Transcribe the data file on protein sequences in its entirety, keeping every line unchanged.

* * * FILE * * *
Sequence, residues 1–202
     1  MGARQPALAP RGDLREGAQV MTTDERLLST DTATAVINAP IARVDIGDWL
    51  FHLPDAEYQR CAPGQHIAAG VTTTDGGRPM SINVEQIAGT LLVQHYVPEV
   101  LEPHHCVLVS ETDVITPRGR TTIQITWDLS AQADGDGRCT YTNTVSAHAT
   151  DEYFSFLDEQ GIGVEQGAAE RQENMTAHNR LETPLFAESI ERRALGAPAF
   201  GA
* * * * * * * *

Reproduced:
Sequence, residues 1–202
     1  MGARQPALAP RGDLREGAQV MTTDERLLST DTATAVINAP IARVDIGDWL
    51  FHLPDAEYQR CAPGQHIAAG VTTTDGGRPM SINVEQIAGT LLVQHYVPEV
   101  LEPHHCVLVS ETDVITPRGR TTIQITWDLS AQADGDGRCT YTNTVSAHAT
   151  DEYFSFLDEQ GIGVEQGAAE RQENMTAHNR LETPLFAESI ERRALGAPAF
   201  GA